The CCD Era and The Future

X-ray CCDs like the ones used in the EPIC-pn CCD camera onboard XMM-Newton [66] provide higher spectral and also spatial resolution compared to proportional counters. It became possible to produce maps in narrower separated energy bands and to resolve some ambiguities in spectral modelling. In Fig. 18.3 we show the first X-ray shadow detected by XMM-Newton. The images have been obtained from three partly overlapping exposures across a part of the Ophiuchus molecular cloud with a strong gradient, so that the series covers the range from on-cloud to off-cloud, in the 0.5 - 0.9 keV band (cf., [18]).

The very dense Bok globule Barnard 68 with an absorbing hydrogen column density exceeding 1023 cm-2 allowed to determine the foreground emission to even higher energies above 1 keV [19].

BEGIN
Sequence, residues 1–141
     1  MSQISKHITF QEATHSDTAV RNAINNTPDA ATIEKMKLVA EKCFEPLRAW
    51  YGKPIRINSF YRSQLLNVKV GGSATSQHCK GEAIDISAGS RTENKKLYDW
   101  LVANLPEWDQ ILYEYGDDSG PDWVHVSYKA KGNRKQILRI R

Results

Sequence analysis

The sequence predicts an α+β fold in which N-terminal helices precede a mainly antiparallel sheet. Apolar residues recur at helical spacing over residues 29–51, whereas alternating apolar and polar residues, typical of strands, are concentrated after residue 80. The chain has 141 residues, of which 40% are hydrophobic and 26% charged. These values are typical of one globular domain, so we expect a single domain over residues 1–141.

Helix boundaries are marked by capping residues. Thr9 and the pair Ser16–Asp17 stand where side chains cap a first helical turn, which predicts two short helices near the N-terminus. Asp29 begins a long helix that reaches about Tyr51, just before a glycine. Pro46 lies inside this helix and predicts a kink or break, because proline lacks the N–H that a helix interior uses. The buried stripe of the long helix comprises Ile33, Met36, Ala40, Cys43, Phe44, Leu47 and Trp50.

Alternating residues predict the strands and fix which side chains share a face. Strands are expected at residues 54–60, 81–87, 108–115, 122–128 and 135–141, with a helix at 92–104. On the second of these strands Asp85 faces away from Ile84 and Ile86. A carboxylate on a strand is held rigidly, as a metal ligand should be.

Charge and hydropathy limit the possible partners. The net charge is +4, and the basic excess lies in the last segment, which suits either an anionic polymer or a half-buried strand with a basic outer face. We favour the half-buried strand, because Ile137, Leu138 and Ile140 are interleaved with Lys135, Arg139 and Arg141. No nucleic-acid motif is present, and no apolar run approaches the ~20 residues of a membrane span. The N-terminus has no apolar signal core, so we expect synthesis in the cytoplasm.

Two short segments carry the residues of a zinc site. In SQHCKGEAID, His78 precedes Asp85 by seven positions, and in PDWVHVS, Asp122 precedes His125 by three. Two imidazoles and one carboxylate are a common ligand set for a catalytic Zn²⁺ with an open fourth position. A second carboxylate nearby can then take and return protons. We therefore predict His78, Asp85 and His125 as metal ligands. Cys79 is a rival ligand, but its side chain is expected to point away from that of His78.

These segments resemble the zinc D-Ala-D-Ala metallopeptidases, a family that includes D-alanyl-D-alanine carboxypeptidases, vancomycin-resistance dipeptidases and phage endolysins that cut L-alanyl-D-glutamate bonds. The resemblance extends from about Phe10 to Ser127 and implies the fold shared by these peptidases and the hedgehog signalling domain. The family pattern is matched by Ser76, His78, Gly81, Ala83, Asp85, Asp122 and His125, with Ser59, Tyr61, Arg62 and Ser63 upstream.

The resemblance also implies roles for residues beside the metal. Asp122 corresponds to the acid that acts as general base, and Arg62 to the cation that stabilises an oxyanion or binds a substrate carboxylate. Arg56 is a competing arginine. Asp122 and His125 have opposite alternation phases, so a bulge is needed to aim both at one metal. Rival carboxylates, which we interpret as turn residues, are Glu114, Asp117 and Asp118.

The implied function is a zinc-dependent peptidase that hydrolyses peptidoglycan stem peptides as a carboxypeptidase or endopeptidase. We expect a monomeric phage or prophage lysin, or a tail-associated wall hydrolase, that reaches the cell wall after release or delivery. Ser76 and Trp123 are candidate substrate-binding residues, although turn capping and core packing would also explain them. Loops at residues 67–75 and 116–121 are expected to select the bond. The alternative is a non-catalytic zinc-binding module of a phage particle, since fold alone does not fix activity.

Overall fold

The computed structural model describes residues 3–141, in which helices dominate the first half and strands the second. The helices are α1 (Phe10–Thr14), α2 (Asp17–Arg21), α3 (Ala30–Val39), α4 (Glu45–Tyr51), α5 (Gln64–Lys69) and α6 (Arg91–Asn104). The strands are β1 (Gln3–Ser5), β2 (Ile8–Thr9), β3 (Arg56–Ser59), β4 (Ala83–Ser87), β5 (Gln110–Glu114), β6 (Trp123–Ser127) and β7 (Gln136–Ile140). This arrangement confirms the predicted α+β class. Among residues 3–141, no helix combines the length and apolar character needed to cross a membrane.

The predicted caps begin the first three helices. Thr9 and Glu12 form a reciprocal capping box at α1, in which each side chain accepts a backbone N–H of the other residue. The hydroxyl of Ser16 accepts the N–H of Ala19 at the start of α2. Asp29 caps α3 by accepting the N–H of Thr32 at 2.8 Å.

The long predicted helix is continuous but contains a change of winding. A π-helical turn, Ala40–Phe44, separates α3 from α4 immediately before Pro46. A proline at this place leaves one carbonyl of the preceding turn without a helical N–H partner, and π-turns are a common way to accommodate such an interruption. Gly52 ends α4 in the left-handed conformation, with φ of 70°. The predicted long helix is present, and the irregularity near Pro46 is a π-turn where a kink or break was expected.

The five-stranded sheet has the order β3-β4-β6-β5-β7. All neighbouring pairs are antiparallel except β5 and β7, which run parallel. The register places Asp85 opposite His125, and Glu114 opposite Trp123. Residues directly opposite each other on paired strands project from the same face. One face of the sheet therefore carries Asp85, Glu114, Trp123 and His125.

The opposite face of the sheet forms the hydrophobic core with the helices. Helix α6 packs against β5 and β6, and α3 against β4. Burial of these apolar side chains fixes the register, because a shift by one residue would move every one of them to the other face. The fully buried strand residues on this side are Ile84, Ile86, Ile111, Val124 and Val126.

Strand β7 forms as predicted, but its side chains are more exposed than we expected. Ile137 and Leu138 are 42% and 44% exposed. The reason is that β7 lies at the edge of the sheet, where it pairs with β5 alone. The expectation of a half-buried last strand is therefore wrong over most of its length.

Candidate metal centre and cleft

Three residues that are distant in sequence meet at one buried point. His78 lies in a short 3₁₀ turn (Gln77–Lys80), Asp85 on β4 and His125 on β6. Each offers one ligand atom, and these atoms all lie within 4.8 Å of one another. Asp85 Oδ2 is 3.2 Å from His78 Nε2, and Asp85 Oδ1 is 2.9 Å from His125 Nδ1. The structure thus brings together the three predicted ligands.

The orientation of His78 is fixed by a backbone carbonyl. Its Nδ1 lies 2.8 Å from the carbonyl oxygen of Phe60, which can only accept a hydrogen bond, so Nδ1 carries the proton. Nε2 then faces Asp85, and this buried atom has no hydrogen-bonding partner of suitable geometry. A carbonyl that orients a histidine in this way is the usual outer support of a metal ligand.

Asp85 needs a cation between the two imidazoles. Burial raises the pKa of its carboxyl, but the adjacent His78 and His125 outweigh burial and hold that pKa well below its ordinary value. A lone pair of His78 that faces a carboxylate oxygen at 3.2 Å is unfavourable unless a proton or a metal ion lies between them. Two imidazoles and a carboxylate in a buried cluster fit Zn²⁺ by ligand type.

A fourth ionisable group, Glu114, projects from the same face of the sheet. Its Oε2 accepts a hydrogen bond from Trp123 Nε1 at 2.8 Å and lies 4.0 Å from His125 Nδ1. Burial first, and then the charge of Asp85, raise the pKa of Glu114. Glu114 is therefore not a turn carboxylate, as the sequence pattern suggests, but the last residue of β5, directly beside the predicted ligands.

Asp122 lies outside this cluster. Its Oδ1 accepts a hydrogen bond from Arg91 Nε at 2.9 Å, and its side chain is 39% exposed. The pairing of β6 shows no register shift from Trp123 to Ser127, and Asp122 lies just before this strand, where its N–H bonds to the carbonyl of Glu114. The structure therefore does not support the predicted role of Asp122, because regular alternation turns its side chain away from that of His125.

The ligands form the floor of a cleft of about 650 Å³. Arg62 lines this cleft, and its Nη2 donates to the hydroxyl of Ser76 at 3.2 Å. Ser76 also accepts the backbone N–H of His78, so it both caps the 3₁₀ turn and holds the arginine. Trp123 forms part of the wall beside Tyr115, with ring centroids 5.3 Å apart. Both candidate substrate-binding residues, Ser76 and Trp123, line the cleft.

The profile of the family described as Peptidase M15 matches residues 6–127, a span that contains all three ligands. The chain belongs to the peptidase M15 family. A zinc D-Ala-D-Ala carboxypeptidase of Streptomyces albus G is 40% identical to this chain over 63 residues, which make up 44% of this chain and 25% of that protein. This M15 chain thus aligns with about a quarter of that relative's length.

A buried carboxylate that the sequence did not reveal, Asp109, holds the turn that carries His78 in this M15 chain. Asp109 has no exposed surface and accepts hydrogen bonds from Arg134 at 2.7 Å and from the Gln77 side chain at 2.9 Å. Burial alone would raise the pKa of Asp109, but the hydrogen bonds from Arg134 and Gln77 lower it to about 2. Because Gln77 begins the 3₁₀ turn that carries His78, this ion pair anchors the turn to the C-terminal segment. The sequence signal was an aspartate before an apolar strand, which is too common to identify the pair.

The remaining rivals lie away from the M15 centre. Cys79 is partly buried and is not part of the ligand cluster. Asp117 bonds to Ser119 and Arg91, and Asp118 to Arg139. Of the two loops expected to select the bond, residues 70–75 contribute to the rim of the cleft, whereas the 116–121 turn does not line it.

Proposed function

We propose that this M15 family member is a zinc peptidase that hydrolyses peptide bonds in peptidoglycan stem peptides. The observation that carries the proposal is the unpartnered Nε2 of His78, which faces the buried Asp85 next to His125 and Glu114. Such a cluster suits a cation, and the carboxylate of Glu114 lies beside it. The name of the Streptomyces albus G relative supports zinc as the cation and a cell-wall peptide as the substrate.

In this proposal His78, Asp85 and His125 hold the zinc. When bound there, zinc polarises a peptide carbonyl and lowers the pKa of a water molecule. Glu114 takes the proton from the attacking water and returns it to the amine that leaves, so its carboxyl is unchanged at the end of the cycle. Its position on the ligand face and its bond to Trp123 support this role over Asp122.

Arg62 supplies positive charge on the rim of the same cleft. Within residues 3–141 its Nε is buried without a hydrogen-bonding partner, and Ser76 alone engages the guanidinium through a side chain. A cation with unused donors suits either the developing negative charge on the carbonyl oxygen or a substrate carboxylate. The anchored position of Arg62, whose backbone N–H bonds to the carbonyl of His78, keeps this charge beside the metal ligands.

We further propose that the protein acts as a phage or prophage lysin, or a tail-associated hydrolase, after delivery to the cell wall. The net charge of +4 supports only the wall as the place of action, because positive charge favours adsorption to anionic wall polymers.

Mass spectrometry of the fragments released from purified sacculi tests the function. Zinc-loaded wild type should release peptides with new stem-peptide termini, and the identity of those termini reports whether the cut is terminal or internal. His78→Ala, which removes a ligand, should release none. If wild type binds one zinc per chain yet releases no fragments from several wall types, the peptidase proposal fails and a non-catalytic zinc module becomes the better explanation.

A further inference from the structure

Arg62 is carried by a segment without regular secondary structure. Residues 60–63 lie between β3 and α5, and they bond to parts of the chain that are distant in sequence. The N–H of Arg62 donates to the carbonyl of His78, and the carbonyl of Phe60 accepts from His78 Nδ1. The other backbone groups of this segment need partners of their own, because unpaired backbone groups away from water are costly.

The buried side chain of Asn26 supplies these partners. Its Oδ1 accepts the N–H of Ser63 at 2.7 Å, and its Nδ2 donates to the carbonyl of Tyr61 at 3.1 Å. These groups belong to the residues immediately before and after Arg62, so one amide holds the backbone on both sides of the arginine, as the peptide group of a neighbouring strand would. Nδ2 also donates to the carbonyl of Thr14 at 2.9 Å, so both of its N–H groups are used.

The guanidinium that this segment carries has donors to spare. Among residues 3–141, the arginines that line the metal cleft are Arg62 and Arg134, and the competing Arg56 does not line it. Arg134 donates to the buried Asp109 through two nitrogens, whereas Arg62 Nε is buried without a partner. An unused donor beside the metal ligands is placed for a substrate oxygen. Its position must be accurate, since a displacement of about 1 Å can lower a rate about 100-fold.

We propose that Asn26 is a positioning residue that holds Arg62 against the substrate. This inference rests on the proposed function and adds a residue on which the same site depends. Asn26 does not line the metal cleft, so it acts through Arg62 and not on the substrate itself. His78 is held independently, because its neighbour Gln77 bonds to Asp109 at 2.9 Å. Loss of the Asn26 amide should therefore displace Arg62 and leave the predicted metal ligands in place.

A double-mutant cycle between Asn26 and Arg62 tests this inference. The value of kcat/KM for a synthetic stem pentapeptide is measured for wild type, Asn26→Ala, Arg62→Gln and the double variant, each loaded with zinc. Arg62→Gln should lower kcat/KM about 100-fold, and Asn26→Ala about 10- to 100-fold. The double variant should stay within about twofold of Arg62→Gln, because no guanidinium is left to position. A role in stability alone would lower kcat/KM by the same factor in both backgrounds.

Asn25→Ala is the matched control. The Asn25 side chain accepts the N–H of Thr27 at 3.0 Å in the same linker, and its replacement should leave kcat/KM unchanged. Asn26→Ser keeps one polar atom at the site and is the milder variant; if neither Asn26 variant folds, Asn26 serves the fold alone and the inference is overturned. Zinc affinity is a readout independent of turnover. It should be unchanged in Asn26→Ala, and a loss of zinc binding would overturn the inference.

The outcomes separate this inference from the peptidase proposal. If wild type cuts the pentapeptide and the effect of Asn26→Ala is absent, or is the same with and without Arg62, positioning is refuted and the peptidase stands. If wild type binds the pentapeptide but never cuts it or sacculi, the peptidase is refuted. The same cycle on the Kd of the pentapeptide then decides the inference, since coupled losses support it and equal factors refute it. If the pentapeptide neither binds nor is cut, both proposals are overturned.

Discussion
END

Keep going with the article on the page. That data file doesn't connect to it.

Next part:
Higher spectral resolution than possible with CCDs has been obtained using crystal spectrometers aboard the DXS instrument [53], and microcalorimeters flown with rockets [38]. However, these observations suffer from low quantum efficiency and deteriorated spatial or temporal resolution, as the high resolution data have to be rebinned due to low statistics. Therefore, the observations cover larger portions of the sky. Nevertheless, these SXRB spectra show clearly that they are dominated by spectral lines of ionized carbon and oxygen, e.g., Ovii and Oviii), and are thus of thermal origin, though it is hardly possible to describe them by a single isothermal plasma in collisional ionization equilibrium. The already mentioned eROSITA mission will provide a major increase in collecting area at these low energies, a much better spectral response at soft energies compared with ROSAT or XMM-Newton, and a much longer time basis for screening against variable components.

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